Growing From Big to Small

18,000 new businesses were started last month*.  17,990 were new federal contractors, I'm quite sure. Actually, I have no idea what the breakdown is but it feels like there are a lot of us.  In spite of this absolutely crazy market (as I write, we're in Day 3 of the first government shutdown in 17 years), it is amazing and inspiring to hear so many stories of people in federal contracting starting out on their own, ready to take on Goliath.

Andrew Mecum, Crossing Signals

Andrew Mecum, Crossing Signals

For context, I believe most clients would like to engage with (or are at least open to) a small business. As one of our core American values, the clients I've spoken with appreciate the guts and want to see you succeed provided that you...

  1. offer a qualified team, 
  2. have sufficient federal experience to cope with the contracting process and requirements, and 
  3. are committed to getting the work done.

Large businesses are favored when the job requires multiple disciplines or is politically sensitive and needs the "cover" of a big name firm to backup a tough decision. And, whether it's really true or not, there's a perception that large businesses pose less risk to the government because they have more resources, more at stake, more oversight, more, more, more.

The "more" is precisely the reason why many of us left our comfortable medium to large size firms. "More" equates to expensive overhead and layers of management that we didn't see translating into a lot of value for our clients. With the goal of delivering the same high quality support for less money, an army of small businesses is formed.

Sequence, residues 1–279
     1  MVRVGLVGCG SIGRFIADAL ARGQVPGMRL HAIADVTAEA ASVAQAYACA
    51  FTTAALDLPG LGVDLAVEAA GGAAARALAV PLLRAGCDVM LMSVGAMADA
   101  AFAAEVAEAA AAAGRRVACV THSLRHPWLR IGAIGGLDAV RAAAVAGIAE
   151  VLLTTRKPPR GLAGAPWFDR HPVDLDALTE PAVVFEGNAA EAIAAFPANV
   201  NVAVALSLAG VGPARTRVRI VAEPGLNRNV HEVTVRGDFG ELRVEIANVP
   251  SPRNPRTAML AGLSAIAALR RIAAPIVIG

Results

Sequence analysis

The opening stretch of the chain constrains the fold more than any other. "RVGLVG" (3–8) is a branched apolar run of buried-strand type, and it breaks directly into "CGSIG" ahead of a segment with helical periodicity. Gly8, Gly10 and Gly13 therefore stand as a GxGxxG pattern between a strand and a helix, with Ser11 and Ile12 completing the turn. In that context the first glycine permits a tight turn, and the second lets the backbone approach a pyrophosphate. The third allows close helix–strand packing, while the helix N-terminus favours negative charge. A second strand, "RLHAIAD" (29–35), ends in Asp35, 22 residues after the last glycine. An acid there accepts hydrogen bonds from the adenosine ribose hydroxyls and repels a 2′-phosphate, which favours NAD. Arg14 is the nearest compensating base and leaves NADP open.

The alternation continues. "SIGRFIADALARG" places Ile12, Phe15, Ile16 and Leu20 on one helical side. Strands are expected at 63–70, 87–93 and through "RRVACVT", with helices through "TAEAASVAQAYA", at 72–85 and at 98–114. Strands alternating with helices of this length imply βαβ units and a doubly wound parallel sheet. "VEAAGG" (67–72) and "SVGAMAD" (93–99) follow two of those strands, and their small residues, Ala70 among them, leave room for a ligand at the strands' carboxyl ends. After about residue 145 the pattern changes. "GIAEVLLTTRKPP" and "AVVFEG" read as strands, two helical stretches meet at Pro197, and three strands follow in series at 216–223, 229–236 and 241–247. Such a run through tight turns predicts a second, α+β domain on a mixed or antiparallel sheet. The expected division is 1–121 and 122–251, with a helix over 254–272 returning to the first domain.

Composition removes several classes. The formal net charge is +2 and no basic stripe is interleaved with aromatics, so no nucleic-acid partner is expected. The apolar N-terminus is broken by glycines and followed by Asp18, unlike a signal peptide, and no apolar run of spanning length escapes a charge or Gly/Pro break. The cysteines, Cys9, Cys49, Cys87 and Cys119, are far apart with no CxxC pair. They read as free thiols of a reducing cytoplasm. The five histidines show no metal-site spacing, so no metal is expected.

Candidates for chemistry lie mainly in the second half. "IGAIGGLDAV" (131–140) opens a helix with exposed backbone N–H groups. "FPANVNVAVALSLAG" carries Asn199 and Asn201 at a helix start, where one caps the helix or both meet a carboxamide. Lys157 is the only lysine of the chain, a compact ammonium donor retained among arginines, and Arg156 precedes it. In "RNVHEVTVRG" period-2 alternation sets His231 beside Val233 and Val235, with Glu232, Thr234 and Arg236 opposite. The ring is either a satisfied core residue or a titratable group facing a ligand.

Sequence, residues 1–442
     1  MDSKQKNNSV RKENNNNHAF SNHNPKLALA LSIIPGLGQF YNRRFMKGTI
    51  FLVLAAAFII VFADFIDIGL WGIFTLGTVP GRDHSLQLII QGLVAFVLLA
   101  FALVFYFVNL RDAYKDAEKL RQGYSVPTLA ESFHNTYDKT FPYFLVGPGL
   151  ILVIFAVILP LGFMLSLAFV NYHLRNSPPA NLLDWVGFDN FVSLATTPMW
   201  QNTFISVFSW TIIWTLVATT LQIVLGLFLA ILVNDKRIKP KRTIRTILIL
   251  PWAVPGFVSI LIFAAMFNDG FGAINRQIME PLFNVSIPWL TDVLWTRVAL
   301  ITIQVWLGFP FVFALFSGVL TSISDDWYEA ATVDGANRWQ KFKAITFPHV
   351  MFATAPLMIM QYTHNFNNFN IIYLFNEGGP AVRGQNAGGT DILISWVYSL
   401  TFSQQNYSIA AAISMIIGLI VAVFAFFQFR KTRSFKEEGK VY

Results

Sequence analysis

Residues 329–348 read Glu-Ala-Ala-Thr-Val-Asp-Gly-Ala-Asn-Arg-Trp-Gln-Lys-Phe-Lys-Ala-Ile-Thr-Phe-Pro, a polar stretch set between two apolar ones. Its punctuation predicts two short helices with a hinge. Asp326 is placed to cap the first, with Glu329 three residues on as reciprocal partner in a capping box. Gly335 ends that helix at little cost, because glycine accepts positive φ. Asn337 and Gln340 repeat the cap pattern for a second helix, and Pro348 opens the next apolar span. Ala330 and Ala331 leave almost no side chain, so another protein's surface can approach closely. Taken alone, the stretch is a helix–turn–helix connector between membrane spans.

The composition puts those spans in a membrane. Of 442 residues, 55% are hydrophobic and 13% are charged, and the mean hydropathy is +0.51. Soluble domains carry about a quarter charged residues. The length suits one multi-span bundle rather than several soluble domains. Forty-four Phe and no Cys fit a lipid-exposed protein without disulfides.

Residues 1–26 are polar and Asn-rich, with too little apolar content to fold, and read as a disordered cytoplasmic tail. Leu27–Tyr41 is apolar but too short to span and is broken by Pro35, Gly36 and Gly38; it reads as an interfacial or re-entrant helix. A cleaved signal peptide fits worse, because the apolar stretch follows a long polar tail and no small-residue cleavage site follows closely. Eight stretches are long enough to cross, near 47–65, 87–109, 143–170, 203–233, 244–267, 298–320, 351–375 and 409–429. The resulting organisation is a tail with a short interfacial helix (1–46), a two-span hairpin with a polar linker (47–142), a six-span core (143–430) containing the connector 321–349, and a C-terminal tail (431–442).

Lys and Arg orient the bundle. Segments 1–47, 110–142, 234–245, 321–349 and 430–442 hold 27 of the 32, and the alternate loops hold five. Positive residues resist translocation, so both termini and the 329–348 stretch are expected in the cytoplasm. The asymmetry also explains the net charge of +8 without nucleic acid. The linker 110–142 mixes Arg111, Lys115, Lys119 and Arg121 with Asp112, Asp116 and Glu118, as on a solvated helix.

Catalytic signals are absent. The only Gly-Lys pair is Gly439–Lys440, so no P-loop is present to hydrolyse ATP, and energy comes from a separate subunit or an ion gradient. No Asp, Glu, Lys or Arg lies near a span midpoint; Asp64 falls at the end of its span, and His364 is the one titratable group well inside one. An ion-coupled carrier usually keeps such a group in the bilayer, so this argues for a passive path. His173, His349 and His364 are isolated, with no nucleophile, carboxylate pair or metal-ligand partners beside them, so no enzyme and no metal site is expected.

While our business model is changing, our client's buying patterns are not. In some cases, you might be able to convince a client to chunk work into much smaller pieces to suit your new size but this puts them in the position of creating multiple contracts (a lot of work on their end) to get the same job done. 

With this in mind, we need to think through how to make their lives easier while we're making our entrepreneurial dreams come true. Over the next couple of days, I'll cover some ideas on how teaming, project management, and acquisition within our small businesses can be more effective.

So, come on back, y'all.  

*I arrived at the estimated 18,000 new business starts after doing a little math based on a stat cited on Cheryl Conner's piece in Forbes a year ago.